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It’s Your Move: daily chess puzzle 65

July 30, 2015

White to play: evaluate 1 Kd8, heading for g6

Teschner 651

Darga-Spassky, Amsterdam Interzonal 1964

Solution

1 Kd8? throws away the advantage: …Bc4!! forces 2 Bc4, when it is stalemate. In the game, white managed to avoid playing this move, regrouped, and beat Spassky after a further thirty moves.

The ending is very interesting, and readers may wish, as I did, to explore it further for themselves, before reading on. It took me a while to find the winning steps.
Teschner 652

I haven’t heard of Darga (who won in the games of puzzles 60 and 61; being able to draw against Spassky indicates he was a really strong player). Wikipedia tells me he tied first for World Junior Champion in 1953, became a GM, before retiring and becoming an IBM programmer. This victory over Spassky is given as his best game, and some analysis of it can be found here http://www.chessgames.com/perl/chessgame?gid=1128596.

The winning line is instructive: take your time, improve your pieces, zugzwang and principle of two weaknesses all come into play. (On the principle of two weaknesses, the two are the weak pawn on g6, and white’s passer, which forces Black’s king  to defend the d6-d8 sqaures.

Step 1: improve the king

The king is re-routed to c3, to protect the c4 pawn, to release the Bb3 from its defensive duty.

Teschner 653

Step 2: improve the bishop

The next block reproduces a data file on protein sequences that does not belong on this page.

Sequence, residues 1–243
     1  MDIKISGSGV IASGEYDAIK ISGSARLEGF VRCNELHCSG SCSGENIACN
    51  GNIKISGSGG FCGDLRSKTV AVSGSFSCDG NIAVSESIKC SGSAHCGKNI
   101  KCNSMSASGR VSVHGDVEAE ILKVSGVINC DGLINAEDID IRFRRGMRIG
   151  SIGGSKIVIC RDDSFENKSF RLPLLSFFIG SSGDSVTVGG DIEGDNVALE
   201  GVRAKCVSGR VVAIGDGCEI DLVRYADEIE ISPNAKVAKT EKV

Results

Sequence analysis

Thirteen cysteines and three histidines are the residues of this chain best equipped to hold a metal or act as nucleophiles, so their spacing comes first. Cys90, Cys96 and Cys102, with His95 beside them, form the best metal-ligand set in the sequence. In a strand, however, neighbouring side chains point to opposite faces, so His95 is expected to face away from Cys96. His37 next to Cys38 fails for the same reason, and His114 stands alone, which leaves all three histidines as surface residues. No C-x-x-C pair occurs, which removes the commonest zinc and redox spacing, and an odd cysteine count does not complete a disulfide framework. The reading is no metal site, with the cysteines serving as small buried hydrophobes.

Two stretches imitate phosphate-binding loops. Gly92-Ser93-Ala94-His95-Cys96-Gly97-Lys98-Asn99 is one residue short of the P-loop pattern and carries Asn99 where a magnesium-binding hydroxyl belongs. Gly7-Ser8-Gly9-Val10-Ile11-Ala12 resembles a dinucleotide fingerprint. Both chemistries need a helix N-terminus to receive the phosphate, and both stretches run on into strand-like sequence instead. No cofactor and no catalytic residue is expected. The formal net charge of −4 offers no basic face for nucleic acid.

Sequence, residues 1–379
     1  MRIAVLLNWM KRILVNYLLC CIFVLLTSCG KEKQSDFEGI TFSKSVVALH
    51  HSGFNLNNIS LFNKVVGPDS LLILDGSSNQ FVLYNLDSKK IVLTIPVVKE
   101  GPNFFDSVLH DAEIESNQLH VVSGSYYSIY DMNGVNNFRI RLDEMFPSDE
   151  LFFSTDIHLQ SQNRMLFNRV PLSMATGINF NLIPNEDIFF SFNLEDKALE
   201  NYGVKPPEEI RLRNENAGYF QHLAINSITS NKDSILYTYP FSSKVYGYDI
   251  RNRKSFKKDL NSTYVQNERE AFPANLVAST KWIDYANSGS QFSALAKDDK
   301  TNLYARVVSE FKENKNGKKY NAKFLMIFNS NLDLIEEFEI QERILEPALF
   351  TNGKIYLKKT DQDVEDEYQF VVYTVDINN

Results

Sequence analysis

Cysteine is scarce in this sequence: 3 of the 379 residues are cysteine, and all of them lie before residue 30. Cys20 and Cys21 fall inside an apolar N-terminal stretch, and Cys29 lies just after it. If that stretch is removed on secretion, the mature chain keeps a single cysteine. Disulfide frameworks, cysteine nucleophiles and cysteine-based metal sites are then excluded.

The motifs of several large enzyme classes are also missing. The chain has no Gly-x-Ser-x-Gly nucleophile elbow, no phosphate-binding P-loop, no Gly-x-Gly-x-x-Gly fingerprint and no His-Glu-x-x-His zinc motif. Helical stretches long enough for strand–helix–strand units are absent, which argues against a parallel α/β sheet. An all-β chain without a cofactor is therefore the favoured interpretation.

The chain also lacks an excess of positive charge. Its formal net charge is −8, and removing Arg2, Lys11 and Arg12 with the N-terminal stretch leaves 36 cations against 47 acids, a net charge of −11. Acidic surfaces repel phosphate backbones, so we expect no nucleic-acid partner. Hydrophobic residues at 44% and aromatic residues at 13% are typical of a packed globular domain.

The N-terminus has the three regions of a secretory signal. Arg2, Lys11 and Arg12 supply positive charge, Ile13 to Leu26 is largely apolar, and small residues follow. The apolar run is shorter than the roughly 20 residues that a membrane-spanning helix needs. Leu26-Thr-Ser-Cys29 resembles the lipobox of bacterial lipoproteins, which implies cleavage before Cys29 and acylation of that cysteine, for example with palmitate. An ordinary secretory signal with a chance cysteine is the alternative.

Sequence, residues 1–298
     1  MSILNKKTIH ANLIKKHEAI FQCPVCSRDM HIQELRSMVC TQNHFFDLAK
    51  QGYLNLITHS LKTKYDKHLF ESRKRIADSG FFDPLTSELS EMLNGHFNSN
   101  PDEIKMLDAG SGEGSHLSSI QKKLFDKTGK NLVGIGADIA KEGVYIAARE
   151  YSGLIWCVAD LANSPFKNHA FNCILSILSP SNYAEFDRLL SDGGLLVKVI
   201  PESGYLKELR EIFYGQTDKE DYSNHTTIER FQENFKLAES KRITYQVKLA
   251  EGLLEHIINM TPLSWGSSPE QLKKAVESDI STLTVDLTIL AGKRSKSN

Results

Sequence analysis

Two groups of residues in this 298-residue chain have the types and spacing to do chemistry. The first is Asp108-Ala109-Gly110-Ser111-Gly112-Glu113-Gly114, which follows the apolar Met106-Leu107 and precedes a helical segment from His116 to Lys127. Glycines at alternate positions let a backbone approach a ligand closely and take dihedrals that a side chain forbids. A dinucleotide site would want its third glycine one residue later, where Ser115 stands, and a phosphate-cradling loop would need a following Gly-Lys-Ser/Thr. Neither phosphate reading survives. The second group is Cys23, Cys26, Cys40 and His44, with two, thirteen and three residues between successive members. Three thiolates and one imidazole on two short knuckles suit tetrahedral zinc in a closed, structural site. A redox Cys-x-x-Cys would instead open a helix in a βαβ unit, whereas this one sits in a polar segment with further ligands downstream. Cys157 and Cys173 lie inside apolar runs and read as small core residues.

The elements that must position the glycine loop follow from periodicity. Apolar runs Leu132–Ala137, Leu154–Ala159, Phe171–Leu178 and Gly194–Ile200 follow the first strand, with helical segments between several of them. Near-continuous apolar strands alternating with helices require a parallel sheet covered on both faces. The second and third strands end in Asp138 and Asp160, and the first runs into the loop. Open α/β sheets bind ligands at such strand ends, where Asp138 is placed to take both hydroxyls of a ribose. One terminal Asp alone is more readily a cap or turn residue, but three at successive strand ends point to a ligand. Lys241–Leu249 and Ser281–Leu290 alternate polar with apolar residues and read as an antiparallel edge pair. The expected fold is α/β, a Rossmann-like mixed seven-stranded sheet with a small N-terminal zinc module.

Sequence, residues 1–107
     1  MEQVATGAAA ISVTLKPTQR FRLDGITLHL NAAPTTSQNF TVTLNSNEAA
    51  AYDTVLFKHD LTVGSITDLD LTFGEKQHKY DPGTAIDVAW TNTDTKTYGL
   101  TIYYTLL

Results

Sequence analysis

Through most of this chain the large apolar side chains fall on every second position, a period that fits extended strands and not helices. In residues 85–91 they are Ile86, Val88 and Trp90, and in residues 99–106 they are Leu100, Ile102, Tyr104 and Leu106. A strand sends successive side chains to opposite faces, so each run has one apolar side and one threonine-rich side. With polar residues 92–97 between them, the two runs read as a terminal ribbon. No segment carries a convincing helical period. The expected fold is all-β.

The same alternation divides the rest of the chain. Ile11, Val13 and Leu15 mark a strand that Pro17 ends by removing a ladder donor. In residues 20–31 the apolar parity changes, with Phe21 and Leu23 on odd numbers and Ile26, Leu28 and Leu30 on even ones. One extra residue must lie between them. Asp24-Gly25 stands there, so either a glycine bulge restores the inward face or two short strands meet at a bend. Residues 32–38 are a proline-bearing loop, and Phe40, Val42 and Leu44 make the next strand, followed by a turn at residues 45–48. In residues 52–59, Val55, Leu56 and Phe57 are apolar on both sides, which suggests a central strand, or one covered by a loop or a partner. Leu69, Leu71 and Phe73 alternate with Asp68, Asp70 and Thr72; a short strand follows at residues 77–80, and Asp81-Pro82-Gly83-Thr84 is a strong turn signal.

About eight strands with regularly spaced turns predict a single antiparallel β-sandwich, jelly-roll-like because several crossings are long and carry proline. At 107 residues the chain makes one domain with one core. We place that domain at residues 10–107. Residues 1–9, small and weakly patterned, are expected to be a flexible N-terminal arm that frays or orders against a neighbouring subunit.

The bishop is rerouted to b5, from where it resumes control of c4, but also threatens to come to e8, biffing the g6 pawn.

Teschner 654

Step 3: add to the strain on Black

Teschner 656

This is one typical position. Sometimes White has to fiddle around with waiting moves, such as Kc3-b2, to get the right pressure, but eventually Black gets into zugzwang or similar difficulties.

Exchange one advantage for another

Teschner 655

The above is a key type of position. White plays d6+ Kd6 Bf5, exchanging the d passer for a g passer: the resultant ending is won, partly because the g pawn is less central, straining both Black’s pieces.

Darga actually won in a different, but similar way, of eventual zugzwang, but also with the key exchange of d for g pawn tactic. I have lightly annotated the whole game here. It is a very interesting game, throughout its stages, and some of my comments are more in the nature of queries. My readers might wish to analyse this game, and the ending, and maybe post their conclusions by replying to this blog post.

From → Chess

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